We can all agree that 2020 has been pretty messed up, but perhaps the coolest thing that had to get shelved this year was Hayden Paddon’s attempt to compete in Rally New Zealand with an all-electric Hyundai Kona rally car. Because New Zealand has been extremely cautious about the coronavirus pandemic, the country has seen very few cases compared to the rest of the world, but as a result the WRC round there was cancelled, and we don’t get to see this electric monster run this year.
Built specifically with the compact Rally New Zealand stages in mind, Paddon teamed up with STARD, the University of Canterbury, Yes Power, and Hyundai New Zealand to make this project happen, and the result looks totally bitchin. I never expected to say that about a Kona, but here we are. This thing rules. STARD is a no-brainer for this project, as that company has already developed the electric rallycross machines for Projekt E in the FIA World Rallycross.
This, however, is no rallycross car. This is meant for full-bore competition with top-class WRC racers. On full electric power. How is that possible? Well, for one thing Paddon’s Kona can pack up to 1072 horsepower from a quartet of electric motors. In WRC-ish trim, however, the team are aiming for around half that with just one motor on each axle. The idea here is to run half a day on a full battery pack, then swap the whole thing out in just a few minutes for a freshie.
The car was supposed to be done in April, but obviously things were pushed back a bit. Now the aim is to compete in next year’s Rally NZ to put it to the real test, and Paddon hopes to be competing for the overall win in 2022 against the big boys. It’ll make its competitive debut in regional rally within the next few months as a way of testing the car’s mettle before the big 2021 challenge.
“The car is faster on paper than an ICE rally car, it has better weight distribution and it’s more reliable as there are fewer moving parts. The potential with the technology, electronics and design of the new car is endless - it is simply a new era of rallying that has new limits,” Paddon told Autosport.com. “The sport of rallying needs to evolve and quickly before it gets left behind. And EVs are the solution.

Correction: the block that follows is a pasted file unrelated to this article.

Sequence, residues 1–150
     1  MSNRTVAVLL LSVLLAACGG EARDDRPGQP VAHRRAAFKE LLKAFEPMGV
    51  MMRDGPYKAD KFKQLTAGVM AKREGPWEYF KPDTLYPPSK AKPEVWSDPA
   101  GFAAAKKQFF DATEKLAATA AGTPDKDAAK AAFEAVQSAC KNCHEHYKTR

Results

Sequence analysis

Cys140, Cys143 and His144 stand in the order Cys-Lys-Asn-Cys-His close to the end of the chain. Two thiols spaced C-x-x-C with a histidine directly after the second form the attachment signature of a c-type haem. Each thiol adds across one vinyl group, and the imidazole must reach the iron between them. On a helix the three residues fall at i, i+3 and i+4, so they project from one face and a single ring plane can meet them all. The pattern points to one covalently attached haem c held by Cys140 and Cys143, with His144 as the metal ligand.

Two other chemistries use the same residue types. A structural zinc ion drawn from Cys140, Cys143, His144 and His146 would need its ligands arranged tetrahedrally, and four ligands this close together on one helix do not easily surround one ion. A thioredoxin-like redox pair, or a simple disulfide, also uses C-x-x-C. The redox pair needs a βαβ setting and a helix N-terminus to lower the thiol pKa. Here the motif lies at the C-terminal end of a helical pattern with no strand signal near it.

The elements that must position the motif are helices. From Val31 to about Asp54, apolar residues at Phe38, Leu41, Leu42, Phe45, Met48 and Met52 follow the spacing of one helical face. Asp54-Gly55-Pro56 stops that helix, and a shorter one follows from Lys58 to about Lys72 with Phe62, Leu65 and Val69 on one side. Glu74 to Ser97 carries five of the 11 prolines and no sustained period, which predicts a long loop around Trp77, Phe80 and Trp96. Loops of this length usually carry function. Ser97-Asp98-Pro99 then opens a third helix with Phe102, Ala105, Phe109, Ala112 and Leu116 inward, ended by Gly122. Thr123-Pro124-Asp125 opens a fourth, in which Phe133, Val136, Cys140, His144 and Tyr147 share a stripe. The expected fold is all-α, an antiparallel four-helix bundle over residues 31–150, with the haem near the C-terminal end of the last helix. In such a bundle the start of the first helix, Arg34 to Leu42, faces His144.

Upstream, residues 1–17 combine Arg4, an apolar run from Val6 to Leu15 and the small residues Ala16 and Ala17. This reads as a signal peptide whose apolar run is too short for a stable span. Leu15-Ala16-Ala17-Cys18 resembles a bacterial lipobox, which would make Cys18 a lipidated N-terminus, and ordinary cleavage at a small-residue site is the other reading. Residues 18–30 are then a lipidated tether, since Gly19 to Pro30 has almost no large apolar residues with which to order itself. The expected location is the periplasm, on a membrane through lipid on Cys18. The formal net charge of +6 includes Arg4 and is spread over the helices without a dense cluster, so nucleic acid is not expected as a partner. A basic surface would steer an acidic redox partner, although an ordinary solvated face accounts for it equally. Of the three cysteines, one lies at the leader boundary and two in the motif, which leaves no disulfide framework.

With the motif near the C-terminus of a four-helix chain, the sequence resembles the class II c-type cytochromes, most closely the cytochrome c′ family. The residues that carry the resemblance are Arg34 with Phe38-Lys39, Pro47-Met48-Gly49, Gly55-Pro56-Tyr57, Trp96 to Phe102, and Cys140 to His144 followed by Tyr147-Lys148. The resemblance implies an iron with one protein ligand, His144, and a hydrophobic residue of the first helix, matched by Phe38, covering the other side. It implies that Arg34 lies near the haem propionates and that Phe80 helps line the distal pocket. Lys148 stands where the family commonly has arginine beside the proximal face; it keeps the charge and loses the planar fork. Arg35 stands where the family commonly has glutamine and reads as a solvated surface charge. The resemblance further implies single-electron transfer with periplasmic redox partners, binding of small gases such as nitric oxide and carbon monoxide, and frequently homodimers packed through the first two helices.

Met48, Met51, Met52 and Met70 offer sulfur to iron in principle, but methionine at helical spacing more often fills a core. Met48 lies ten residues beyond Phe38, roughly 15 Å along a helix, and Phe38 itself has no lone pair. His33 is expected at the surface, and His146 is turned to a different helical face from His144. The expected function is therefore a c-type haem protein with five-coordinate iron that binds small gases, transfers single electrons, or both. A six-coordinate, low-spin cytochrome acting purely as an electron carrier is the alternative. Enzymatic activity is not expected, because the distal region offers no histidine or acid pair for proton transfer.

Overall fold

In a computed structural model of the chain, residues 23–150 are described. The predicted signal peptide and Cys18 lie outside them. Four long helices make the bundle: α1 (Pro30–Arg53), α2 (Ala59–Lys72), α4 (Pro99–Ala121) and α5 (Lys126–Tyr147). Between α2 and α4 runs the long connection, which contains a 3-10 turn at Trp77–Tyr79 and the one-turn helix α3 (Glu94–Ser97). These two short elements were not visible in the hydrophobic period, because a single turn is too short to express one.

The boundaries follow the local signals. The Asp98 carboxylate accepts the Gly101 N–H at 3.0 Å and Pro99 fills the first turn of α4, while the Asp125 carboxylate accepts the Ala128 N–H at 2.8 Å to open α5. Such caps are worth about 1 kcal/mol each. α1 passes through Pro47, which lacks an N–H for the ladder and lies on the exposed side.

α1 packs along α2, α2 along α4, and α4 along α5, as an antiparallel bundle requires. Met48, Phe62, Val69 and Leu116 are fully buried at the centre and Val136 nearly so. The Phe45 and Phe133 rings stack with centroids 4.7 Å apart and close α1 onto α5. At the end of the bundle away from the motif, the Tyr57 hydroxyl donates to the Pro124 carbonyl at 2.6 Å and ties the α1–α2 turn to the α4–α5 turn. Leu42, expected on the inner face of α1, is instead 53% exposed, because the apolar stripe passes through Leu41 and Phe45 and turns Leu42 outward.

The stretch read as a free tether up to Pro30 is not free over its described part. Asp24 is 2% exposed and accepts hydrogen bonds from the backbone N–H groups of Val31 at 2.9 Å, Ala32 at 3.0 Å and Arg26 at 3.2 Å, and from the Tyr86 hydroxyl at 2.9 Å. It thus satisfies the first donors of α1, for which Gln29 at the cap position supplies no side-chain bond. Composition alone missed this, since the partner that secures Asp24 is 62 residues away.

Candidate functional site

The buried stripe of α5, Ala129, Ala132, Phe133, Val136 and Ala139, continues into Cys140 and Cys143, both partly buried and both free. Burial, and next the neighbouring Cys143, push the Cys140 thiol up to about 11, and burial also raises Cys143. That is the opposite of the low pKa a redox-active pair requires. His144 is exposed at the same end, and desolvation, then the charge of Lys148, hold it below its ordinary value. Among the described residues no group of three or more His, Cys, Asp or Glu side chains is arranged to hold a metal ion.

“The EV package is capable of over 800kW but we have focused on building this car to have comparable power to a current ICE rally car and aim for it to be winning rallies against normal ICE cars from 2022,” the Kiwi added. “A lot of work needs to happen between now and then, and we’re confident that EV technology is going to work in a normal rally environment.”
All-in the Kona EV rally car weighs about 1400 kilos, which is just a smidge over 400 pounds heavier than your average gasoline-powered WRC competitor. This isn’t the first time that an electric stage rally car has been launched, as Opel gave us the Corsa e cup, prepared for ADAC competition last year. However, with just 136 horsepower onboard, the Opel is no match for this lightning bolt of a Hyundai crossover, and would have zero hope against a modern WRC racer.
WRC has been a bit slow to react to the electric revolution, but has recently approved rules to make all cars hybrid from 2022 forward. Every WRC entry at that point will include a 100 kW electric motor for an extra power boost on stage, as well as full electric drive on non-competitive transit stages. Hyundai and Paddon have determined that this change is neither soon enough or goes far enough. Jump into the deep end of the pool with both feet, I always say.
Back when the plan was first discussed with Top Gear Magazine, Paddon indicated that he wasn’t interested in competing in an electric-only championship. He wanted to prove the technology in the hottest crucible of motorsport possible. “We don’t want an electric car for an electric championship. We want to showcase this against current cars, to show electric can be fast, cool and hold its own. Motorsport should be any car against any car. We want to help change people’s perception. For that you need their attention, and for that you need to take it where people are already watching.”
I’m here for it.